But the vast majority go ahead with great success because they are led by residents who take time to talk to their neighbours, giving everyone a chance to raise questions, listening to and trying to allay any concerns well before any formal application is made to the council.

As the influential environmentalist, activist and writer George Monbiot said in our recent webinar:

“For participation to be real and effective it’s got to begin long before there’s any formal governmental process like a planning decision to be made…if you land a planning decision on a place where there’s no effective community, all you’re going to see is people get really polarised and divided and start ripping each other’s throats out because there isn’t already a sense of people working together to solve our common problems… that’s what community is all about, and that needs to be deeply embedded in a community long before any external source of stress is added…”

3. Start small

It’s often tempting to go straight for the big change but we’ve learnt that small is beautiful. Starting with just one play street session to test the water before making it a regular event; just closing a small section of the street to cars; doing it for a shorter time – all these ‘compromises’ can actually be the first gentle step that’s needed to get more people on board, build confidence and achieve the longer-term goal of a safer, friendlier street.

4. Show the change!

Play street in action

Urban transport journalist Laura Laker suggests in this article on where to start if you want an LTN where you live, that “school streets or play streets can start to build consensus for further changes”.

Play streets are incredibly simple, but instantly transform the street from a space dominated by cars to one filled with life and activity. We’ve heard countless reports over the years of grumpy neighbours changing their minds once they’ve experienced the joy of a play street in real life.

This experience can really help people to visualise and understand the benefits of streets being less traffic-dominated in the longer-term. Starting with a play street could be a great way to help people see the positives of reduced traffic on their street and perhaps to realise the benefits outweigh the relatively small inconvenience for drivers.

Based on our experience with play streets, we feel that for LTNs to work well and be equitable it is vital that

  • LTNs are co-created with residents and businesses, and particular care is taken to seek under-represented voices (including children and parents) and build consensus.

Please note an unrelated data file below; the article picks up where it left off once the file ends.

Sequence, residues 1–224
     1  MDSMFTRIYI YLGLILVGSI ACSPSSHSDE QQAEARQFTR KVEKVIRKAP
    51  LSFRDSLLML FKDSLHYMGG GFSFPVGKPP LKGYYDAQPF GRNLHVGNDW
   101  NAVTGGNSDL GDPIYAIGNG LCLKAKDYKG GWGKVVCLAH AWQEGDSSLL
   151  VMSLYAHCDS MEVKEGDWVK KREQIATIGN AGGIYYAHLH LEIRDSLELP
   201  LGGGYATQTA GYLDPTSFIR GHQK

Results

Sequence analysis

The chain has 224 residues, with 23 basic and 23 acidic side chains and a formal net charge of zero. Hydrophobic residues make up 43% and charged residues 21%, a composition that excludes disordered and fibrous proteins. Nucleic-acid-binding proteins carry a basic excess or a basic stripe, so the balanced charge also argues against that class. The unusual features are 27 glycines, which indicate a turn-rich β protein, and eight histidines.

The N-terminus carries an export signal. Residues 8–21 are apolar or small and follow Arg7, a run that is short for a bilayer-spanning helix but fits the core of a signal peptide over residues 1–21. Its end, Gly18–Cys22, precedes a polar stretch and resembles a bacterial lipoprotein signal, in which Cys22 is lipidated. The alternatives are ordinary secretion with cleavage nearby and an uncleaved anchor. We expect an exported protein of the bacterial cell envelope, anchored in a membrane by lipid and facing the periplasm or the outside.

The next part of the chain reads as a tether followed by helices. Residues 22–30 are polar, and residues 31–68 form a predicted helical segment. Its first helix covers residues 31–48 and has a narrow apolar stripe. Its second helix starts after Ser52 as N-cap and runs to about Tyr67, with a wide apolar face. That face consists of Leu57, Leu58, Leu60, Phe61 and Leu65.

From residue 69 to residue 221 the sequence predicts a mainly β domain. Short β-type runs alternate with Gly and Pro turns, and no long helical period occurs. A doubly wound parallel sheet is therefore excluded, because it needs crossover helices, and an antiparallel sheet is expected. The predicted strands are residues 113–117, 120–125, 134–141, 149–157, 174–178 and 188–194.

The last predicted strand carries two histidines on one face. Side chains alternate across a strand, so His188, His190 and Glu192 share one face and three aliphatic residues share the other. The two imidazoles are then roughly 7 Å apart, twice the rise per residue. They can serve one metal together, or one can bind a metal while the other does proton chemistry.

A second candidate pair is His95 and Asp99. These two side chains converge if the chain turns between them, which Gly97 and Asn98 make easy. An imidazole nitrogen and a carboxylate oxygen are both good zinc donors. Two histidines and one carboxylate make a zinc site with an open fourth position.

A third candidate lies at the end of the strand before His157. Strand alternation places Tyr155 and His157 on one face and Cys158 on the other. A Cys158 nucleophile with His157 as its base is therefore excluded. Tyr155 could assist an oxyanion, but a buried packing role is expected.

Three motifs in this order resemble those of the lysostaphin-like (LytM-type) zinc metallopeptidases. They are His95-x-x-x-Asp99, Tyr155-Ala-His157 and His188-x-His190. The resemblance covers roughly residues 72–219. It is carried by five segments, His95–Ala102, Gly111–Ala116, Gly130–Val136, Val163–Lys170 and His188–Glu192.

• Time is taken to introduce the idea, communicate the benefits, listen to concerns and build support.
  • Temporary, community-building measures such as play streets or street parties are used to trial and help people to visualise changes.
  • Priority is given to less affluent areas, with less access to green space and more exposure to damaging air pollution.
  • More research is done on the impact for nearby roads and compromises sought.
  • Other means of reducing overall traffic congestion are introduced alongside.

What’s next for LTNs?

We are hopeful that some of the existing LTNs will be successful and all will provide ample learning for the rest of us around the UK.

For councils and residents watching on, what different approaches could be implemented in the meantime to help smooth the way?

  • Extend your play streets schemes to allow groups of neighbours to propose physical changes to their street that would support children to play out anytime e.g. parklets, speed reduction measures, or trial point closures?
  • Start with one big day of play streets on a neighbourhood scale, as we’ve seen with car free days around the world? This could be done collaboratively between councils and residents, provide testing grounds for new LTNs, building public support as well as gathering data and negotiating the network difficulties thrown up in diverting traffic.
  • If your council area doesn’t have a play streets policy yet, initiate one! We have loads of free information for councils and you can contact me, our Play Streets Development Officer, on lucy@playingout.net.
  • School play streets are another brilliant tool for starting this conversation in your area.

We’d love to hear your ideas and thoughts on this and if you have a project in mind, get in touch and we’ll do what we can to support you.

 

*LTNs have mostly been implemented using an experimental traffic order, which means that the consultation takes place as the trial is ‘live’, so that people can experience the change before they give their views on it. The final decision on whether to make it permanent or not comes later, once people’s views have been gathered on the trial. This process is often very poorly understood by the public so needs careful attention to communication beforehand.